Steve Rose:Steve Rose: There are different opinions, but if you take a current ambulance it’s got a fixed Airwave TETRA radio, a mobile data terminal, the crews have got hand terminals and you’ve also got a Toughbook in there. So, a lot of Trusts are interested in whether you can replace all that kit with one device. Staff do not sit in ambulance stations anymore. They spend a lot of their working day out, and if you want them to be able to do other things, such as online training or check their emails, then you want to give them a device that enables them to do that. What we’ve done so far is create a group of remote workers and almost isolated them in some ways, because the technology hasn’t kept up with the mobile working requirements. But I think the broadband technology will certainly bring them up to date – the possibilities are endless. reply button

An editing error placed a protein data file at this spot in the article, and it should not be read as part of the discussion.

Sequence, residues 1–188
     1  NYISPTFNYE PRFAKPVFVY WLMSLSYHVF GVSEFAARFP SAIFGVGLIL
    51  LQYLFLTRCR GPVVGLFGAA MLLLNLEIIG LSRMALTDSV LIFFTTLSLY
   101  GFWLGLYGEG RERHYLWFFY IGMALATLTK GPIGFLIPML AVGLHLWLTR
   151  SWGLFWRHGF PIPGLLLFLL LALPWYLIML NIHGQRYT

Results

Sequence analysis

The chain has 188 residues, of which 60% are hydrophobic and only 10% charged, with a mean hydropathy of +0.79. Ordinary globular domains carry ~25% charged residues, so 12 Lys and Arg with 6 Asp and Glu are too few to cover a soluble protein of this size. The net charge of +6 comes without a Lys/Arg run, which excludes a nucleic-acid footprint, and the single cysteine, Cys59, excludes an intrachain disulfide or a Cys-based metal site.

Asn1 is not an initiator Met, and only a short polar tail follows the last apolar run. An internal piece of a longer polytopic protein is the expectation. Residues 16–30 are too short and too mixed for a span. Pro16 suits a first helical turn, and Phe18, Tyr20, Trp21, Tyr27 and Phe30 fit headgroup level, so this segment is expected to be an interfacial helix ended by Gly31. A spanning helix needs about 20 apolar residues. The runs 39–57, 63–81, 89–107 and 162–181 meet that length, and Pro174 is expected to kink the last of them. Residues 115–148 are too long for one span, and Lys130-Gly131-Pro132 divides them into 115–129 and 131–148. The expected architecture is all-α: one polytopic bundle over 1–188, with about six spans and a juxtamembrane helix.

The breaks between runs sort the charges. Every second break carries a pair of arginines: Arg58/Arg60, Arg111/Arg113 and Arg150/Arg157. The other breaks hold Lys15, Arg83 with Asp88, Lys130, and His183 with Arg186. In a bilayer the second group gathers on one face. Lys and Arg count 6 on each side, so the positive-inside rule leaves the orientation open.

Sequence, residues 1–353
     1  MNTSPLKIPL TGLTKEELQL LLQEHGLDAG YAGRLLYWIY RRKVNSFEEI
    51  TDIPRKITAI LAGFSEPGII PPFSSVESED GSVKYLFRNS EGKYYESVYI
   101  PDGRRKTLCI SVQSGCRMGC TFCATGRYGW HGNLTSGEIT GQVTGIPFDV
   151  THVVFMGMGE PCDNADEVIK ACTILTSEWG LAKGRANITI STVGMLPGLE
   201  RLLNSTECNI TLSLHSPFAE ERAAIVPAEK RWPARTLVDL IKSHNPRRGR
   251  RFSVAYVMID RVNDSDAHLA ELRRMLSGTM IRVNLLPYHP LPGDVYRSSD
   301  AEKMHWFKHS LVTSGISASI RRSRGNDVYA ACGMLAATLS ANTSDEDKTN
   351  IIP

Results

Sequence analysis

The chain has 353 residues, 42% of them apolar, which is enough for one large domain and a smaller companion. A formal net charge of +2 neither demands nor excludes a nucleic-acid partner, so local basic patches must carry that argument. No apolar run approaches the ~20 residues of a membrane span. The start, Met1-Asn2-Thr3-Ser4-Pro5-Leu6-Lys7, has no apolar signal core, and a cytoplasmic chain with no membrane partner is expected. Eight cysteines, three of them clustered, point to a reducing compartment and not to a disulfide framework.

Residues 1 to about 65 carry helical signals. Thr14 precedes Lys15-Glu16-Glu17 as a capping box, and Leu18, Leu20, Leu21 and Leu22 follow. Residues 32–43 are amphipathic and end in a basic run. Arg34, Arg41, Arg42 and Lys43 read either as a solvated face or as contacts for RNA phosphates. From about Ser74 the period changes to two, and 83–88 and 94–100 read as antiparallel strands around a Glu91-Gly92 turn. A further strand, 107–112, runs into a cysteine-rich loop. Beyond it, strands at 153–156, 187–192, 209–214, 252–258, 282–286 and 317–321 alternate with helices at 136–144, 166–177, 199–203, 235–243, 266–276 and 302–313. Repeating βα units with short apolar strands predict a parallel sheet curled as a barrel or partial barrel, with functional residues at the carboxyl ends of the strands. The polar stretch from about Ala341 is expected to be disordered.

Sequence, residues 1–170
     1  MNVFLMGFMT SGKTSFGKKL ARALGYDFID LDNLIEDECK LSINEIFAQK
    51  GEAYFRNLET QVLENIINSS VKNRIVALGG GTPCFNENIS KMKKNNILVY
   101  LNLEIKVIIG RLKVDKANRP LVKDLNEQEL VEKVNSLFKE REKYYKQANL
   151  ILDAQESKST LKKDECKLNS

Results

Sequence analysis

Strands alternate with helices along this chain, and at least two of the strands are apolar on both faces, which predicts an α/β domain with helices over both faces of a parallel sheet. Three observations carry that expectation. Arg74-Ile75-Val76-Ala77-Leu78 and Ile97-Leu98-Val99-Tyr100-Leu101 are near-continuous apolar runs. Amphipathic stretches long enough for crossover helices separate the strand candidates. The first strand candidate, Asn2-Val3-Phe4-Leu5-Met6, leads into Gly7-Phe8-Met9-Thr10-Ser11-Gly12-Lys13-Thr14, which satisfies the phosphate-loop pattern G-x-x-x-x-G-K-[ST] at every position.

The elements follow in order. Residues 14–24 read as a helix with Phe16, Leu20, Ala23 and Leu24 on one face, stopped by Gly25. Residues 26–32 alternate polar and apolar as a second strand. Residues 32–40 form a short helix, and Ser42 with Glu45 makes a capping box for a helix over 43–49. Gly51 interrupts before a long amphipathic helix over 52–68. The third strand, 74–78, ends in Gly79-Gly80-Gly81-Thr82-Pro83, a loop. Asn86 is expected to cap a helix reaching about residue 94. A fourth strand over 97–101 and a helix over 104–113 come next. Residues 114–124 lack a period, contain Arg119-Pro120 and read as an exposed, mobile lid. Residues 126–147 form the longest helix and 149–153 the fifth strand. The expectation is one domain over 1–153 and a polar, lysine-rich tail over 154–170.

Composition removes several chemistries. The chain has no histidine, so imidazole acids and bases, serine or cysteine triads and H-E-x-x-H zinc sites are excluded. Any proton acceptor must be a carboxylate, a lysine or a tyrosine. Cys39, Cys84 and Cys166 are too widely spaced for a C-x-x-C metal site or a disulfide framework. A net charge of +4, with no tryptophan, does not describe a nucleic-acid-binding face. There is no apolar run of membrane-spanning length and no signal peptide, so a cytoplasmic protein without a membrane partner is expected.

JA: How tricky is the current device situation for suppliers?

John Taylor:John Taylor: At the moment there is a very narrow choice or no choice at all in terms of devices, and that means if the programme goes ahead on the scheduled start date, the time reduces for us to assist our customers – and therein lies the risk from our perspective. Because it’s not just about the device, it’s about the accessories that plug into it, it’s about the planning of how you train people, how you organise the removal of old devices and the supply of the new ones, and even before you get to that stage, how do you organise the routes to market and the supply chain? Where does the device get delivered to and what security is associated with this? reply button